A huge reason for me losing a lot of interest in lolita fashion is because of the way in which the fashion changed (the current trends bear little resemblance to the fashion I initially fell in love with, and certainly don't feel like a street fashion anymore) but also the way in which the community became overwhelmingly large, and as a result felt less like a subculture as time went on. Everything became too accessible and no longer "special", over-saturated, and oftentimes meaningless as common interests held by its members became fewer and farther between. I could be surrounded by people at meets and yet feel inescapably lonely and discontent. These comics explore some of these sentiments, from a grotesque exaggeration of someone who would do anything to fuel their creative pursuits, to a short story involving an emotionally distant girl who eventually leaves the fashion altogether, to another to shrouds herself in the beauty of these clothes to escape the sad reality of her living situation. There are moments in which this book takes disturbing turns and poses the question: do we see ourselves within these characters? I think for many of us, the answer would be yes.

This was not a feel-good read for me, but it left a huge impression on me, and a desire to do my own explorations of similar topics. Why is it, I wonder, that even the most beautiful things can be so ugly, so rotten at their core? Perhaps it's just a law of nature, that "yin and yang" that means that everything is interconnected, both the good and the bad. All of those clichΓ©d expressions are true-- there is a fine line between love and hate, and while exploring that can be scary, it's absolutely necessary.

I really enjoyed this illustrated lookbook accompanied by a really lovely, anecdotal commentary!
I think the parts I enjoyed the most were the passionate accounts of how different people got into lolita fashion in the first place-- what their first introduction was, what getting their first pieces felt like, and why it was meaningful for them. But of course, those inevitable counter stories about drifting away from the fashion had their place, too, and I couldn't help but be overcome by a wistfulness for simpler times. I was a mere teenager in the noughties when I first got into this fashion, and while so much has changed with it, so much has changed within myself, and reading this book felt like a way of confronting and coming to terms with that fact, as I have been for a while now.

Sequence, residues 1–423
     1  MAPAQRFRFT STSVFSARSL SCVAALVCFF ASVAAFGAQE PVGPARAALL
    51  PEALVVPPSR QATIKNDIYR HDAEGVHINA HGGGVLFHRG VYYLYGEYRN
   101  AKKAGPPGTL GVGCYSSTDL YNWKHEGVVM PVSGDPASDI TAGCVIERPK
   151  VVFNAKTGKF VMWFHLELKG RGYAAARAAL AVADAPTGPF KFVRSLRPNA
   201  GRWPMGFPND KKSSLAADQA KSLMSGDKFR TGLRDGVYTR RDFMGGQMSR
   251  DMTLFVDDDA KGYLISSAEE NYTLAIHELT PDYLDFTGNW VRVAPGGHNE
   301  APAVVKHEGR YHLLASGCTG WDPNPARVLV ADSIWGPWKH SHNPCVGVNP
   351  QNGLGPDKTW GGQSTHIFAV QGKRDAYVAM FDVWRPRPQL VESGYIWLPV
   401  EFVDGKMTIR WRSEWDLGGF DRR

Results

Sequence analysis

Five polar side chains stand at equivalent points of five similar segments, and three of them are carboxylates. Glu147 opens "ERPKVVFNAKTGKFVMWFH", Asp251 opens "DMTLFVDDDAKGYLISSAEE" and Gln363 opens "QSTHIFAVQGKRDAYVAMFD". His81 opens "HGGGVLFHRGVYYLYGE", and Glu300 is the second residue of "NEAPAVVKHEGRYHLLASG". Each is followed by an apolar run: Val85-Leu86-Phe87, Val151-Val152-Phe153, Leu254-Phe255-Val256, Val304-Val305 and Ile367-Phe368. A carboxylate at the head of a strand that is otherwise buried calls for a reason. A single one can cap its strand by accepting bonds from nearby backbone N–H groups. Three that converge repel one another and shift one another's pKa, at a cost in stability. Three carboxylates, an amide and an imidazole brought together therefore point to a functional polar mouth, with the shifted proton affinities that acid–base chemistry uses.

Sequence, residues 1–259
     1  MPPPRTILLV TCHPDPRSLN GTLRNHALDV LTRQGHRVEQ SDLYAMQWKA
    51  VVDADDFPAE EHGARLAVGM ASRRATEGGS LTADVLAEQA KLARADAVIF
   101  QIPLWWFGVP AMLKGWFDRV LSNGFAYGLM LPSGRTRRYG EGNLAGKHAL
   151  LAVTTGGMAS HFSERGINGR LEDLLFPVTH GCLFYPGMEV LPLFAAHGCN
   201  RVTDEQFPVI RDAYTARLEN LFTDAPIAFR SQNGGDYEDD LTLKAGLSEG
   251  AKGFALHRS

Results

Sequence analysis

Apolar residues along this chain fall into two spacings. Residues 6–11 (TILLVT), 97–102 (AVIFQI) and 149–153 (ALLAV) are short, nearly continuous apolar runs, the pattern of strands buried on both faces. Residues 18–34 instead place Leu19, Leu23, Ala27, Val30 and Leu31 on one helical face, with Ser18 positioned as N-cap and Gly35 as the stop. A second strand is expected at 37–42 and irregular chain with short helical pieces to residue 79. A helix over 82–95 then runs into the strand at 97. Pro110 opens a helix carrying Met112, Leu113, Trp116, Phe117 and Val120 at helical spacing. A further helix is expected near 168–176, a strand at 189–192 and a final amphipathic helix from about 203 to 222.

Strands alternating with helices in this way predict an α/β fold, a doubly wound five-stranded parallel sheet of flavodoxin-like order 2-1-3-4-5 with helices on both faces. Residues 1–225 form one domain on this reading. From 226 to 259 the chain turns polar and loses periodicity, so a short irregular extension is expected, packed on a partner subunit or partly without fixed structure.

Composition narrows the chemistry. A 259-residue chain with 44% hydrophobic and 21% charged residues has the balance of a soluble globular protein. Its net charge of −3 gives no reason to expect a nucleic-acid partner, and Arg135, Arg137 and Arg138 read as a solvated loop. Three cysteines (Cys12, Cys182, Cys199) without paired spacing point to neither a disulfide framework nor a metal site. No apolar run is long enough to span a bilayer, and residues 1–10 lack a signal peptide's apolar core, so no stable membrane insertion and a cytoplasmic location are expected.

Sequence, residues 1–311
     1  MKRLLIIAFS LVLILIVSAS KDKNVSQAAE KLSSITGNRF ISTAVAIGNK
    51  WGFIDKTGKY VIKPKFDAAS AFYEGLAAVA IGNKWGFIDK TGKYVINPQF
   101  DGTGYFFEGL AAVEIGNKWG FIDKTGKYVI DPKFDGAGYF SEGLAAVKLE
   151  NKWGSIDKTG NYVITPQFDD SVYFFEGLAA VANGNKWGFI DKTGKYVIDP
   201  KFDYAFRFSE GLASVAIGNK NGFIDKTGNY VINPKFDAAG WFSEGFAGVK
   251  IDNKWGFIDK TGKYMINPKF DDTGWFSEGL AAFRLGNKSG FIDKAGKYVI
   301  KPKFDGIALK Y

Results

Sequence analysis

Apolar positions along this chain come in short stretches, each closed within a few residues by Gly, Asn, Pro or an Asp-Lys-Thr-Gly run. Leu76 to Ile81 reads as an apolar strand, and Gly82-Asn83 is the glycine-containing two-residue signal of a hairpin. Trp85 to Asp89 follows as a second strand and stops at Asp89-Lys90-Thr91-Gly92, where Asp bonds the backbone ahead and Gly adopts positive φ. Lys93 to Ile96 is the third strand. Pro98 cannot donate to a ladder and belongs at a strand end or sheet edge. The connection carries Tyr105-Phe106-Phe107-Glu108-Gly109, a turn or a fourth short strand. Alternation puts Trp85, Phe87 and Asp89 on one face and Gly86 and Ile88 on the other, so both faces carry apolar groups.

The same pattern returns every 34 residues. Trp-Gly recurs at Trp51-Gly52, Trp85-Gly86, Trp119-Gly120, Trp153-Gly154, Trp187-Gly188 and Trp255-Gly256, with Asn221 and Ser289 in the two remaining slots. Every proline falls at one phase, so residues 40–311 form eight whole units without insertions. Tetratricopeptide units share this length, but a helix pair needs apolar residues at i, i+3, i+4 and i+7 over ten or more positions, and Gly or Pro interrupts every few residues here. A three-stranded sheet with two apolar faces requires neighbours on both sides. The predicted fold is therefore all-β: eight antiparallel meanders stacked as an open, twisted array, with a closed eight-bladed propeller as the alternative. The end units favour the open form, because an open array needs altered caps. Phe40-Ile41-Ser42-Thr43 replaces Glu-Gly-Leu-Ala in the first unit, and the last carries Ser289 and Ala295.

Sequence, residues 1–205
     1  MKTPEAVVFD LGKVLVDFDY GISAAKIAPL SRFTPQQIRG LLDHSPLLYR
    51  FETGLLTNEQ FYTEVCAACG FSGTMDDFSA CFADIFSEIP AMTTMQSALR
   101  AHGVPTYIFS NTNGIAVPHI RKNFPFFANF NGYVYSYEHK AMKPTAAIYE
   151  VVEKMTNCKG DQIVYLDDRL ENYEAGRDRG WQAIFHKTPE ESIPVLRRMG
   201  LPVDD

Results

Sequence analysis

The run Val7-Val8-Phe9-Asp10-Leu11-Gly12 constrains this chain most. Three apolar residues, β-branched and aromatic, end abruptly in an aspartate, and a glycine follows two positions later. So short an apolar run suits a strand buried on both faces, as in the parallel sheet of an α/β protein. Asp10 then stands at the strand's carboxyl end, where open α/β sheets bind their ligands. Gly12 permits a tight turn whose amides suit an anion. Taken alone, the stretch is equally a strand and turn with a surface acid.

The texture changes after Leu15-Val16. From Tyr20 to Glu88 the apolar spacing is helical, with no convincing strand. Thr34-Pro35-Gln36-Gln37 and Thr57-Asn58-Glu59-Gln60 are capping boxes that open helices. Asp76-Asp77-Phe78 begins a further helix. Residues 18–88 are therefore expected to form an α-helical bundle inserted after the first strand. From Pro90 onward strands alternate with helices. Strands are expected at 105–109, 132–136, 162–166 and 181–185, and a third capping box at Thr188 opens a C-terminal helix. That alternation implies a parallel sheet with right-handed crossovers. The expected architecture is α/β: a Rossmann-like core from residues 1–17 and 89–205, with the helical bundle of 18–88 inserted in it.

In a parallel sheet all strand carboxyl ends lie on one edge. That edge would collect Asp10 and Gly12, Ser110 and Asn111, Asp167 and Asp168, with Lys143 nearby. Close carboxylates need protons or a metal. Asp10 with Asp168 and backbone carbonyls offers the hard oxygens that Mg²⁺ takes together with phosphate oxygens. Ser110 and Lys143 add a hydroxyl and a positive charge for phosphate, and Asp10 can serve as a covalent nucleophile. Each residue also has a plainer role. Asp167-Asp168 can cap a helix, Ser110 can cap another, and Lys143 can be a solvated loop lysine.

As this book managed to get me mulling over it for days afterwards, it's only natural that I would recommend you get yourself a copy. I expect you might have a different reception to it, but this is what it did for me, and I never have any regrets about reading anything that makes me think, or allows me to continue on with a newfound perspective. I didn't always find it enjoyable, and there were parts that I felt could have done with a re-write because they were clunky to read. But certainly, it instilled within me the motivation to write this review, but also reminded me how important it is to keep writing in general. It's important to document any alternative fashion, subculture, or interest. I'm very much an "archivist" and I would like to think that here and there, I have contributed in some way to archiving thoughts, feelings, insights and information that will give people an understanding of what lolita was for someone in the 2010s.

My rating for "So Pretty/Very Rotten" is 3 out of 5 stars. Jane Mai and An Nygen deserve a pat on the back because this book is a wonderful achievement in terms of adding to the library of lolita-related content, but it certainly won't be for everyone, and won't teach any seasoned lolitas anything new.

Did you read this book? What did you think of it? I would love to hear your responses to the topics it covers in the comments! Thank you so much if you read all the way to the end, and I'll see you next time 


  1. Thank you for the review, I found it interesting to read about your thoughts and feelings that the book gave you. Though I don't think I will buy it for now because I don't like comics and I wouldn't find new information about Lolita

    1. Thanks for reading!
      It's very comic-heavy (which I didn't enjoy at times-- I would have preferred fully fleshed out stories!) so I don't think you would like this book! I didn't exactly "like" it either, but it definitely gave me some food for thought and I can appreciate the idea behind the project, even if it didn't teach me anything new.